Attention and intrigue has been brought back to past entries in the DCEU since the announcement of Zack Snyder's Justice League, which was met with mass fan excitement. Snyder has been providing multiple hints about what his version of Justice League will follow, including how it will deal with the portrayal of Superman. The director has also provided a small glimpse of what fans can expect, as well as the teasing of more footage to come.
Suicide Squad has also seen a revitalization of interest, thanks to director David Ayer's spearheading of the campaign to #ReleaseTheAyerCut. This has resulted in Ayer posting previously unseen screenshots from the film to his social media, as well as speaking at length about the contents of his version of the film.
This week saw the commencement of Comic-Con @ Home, this year's digital substitute for the typical fan event that takes place annually in San Diego. This event came with much news, including details about Colin Trevorrow's experience working on Star Wars: Duel of the Fates.
Another panel has delved into the alternate version of Man of Steel. During this panel, the writer of Man of Steel went into detail about a different iteration of the film's ending...
As reported by Collider, Man of Steel screenwriter David S. Goyer took part in a panel for Comic-Con @ Home, in which he spoke about various aspects of the film. This includes what could have been an alternate ending where Zod's life is spared:
“The idea was that Superman would – there was one of those sort of cryopods on the ship that ends up becoming the Fortress of Solitude that he’s able to put Zod back into and then throw out into space. We did talk about it and maybe some people would’ve been happier with that, but it felt like a cop out for the story that we were telling.”
On the reasoning for Superman killing Zod, Goyer also mentioned how he hoped to put the characters in "a stalemate" that forced Superman into a decision that he had to make. Goyer then went on to discuss how he knew that this decision came with a risk, but hoped it would be one that would pay off:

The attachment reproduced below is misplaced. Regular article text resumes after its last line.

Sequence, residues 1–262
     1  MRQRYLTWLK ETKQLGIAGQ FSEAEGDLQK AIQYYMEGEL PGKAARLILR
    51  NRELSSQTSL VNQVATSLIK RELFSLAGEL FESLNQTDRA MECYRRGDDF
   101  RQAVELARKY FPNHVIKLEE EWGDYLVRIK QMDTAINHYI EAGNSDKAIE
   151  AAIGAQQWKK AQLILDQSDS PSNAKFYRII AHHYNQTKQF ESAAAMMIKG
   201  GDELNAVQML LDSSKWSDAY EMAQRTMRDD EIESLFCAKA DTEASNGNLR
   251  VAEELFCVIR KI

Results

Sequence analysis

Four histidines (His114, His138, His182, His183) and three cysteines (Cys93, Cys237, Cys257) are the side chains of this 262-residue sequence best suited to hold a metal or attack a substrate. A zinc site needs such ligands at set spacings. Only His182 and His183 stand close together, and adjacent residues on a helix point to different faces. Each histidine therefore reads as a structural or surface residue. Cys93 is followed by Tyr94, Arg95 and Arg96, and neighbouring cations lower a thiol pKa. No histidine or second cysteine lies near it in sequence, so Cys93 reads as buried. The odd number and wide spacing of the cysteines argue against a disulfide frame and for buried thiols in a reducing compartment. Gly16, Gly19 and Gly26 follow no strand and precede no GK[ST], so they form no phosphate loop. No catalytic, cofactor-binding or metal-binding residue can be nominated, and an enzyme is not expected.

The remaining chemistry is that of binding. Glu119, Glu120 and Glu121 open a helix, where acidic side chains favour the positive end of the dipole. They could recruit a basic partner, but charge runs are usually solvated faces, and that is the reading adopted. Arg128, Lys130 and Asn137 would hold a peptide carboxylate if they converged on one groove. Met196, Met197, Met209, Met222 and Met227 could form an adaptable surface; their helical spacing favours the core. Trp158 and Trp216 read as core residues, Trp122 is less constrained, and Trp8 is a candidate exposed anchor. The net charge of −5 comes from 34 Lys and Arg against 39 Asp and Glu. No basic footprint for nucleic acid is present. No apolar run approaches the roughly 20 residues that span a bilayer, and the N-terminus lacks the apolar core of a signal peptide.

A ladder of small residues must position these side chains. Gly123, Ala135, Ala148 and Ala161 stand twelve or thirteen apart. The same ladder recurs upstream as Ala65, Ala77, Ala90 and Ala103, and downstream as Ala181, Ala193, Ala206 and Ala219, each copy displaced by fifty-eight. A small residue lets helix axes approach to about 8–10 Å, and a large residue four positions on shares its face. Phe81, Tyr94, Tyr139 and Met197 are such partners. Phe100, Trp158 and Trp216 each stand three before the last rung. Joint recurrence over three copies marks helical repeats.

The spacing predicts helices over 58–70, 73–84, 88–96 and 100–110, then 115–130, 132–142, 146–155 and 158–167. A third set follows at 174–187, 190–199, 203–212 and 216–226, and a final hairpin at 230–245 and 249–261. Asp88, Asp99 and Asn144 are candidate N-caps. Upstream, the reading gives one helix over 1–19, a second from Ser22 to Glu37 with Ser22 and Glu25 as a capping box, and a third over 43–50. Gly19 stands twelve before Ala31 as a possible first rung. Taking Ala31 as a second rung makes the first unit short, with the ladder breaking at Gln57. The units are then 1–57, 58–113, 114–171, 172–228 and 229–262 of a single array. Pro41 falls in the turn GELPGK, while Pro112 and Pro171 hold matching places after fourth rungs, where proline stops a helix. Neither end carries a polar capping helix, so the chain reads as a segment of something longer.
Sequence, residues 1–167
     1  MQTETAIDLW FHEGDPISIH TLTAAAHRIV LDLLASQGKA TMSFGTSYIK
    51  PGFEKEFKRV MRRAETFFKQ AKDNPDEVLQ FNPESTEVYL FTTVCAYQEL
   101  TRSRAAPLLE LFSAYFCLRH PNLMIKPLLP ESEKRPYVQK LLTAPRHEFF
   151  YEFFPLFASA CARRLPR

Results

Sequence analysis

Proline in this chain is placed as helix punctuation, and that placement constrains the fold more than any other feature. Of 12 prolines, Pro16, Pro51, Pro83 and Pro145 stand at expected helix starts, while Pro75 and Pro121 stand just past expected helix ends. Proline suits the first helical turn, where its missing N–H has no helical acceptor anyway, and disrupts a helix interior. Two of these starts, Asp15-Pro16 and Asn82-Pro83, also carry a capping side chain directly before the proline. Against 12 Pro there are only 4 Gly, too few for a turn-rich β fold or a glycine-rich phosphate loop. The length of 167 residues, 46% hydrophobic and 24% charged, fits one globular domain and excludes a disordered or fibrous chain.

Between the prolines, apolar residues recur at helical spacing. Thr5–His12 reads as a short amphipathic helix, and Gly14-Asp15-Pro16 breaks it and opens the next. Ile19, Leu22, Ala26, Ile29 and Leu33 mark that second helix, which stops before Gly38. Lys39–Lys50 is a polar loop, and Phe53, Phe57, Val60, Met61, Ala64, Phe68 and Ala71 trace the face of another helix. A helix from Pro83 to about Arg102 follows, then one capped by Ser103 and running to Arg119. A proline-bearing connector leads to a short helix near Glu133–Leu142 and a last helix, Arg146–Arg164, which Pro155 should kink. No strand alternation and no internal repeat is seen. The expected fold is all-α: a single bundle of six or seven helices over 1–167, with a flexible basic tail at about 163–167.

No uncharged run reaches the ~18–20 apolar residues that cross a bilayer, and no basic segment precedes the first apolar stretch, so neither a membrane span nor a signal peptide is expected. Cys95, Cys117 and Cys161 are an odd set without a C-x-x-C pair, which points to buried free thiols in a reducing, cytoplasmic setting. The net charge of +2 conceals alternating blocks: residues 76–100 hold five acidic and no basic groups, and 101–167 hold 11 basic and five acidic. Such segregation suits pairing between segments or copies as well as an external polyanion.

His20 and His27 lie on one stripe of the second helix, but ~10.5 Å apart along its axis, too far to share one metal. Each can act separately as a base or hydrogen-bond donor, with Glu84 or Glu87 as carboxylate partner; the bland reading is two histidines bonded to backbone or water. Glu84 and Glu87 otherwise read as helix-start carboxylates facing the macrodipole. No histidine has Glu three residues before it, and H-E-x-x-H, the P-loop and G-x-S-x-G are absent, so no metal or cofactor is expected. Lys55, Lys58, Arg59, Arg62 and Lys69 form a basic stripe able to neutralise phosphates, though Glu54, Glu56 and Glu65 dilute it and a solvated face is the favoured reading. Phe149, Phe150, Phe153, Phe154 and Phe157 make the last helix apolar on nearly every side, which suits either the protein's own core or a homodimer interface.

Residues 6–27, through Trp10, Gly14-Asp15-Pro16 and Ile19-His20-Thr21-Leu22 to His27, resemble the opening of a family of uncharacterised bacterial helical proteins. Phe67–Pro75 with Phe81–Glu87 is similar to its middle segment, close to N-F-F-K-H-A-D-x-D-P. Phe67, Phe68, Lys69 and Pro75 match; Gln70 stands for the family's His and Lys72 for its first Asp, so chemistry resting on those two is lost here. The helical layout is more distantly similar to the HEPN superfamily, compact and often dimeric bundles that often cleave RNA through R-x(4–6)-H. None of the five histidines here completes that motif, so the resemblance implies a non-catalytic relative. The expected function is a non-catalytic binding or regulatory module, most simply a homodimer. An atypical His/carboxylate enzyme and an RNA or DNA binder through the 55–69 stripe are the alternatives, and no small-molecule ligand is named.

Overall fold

“I absolutely understand a lot of people had problems with it. When I have had a hand in adapting these things, you wanna be as respectful to the core material as possible but you also can’t protect against failure. You have to take big swings. With big swings there are big rewards...We talked about it. We talked about whether or not people would accept it, and the editorial staff at DC had accepted it. It doesn’t mean it wasn’t a mistake, but if you sit there and you say, ‘I don’t wanna take any risk. I’m worried I might offend a portion of the audience,’ I don’t think that’s a particularly healthy way to try to make a film or a television show.”
Goyer also noted that Superman killing Zod would be the catalyst to force Superman into taking on the no-kill rule:
"To me, the comic books are the comic books and the films that we were involved in are these Elseworlds stories that exist within their own universe. And that was the intention, is that that’s the one. He was in this terrible position and then afterwards he vowed that he could never do it again. It didn’t come out of anger – he was forced into it – but that was the one."
WHAT THIS MEANS
Goyer's idea for an alternate ending is certainly interesting, especially since this version may have alleviated many of the criticisms levied at Man of Steel. Many fans took issue with the decision due to it going against Superman's core values of not wanting to stoop down to the level of his adversaries.
However, it is understandable why the writer believed that this alternate ending would feel like a cop out, due to there being little emotional weight or consequence associated with this storytelling beat. In addition, this ending is quite similar to the one seen in Superman II, where Kal-El throws Zod down a crevice to his demise and is not seen again. Goyer may have also wanted to avoid playing it safe by eliminating the threat easily as has been done before, therefore the ending that was featured in the film was ultimately the better option.
Therefore, as Goyer notes, choosing to have Superman kill Zod is a much riskier move. Making the decision to not to play it safe, at the very least, makes for a more exciting and tense finale, even though some may not agree with its execution. Perhaps there is a chance we could see Clark grapple with his decision to kill Zod more when Zack Snyder's Justice League launches on HBO Max next year.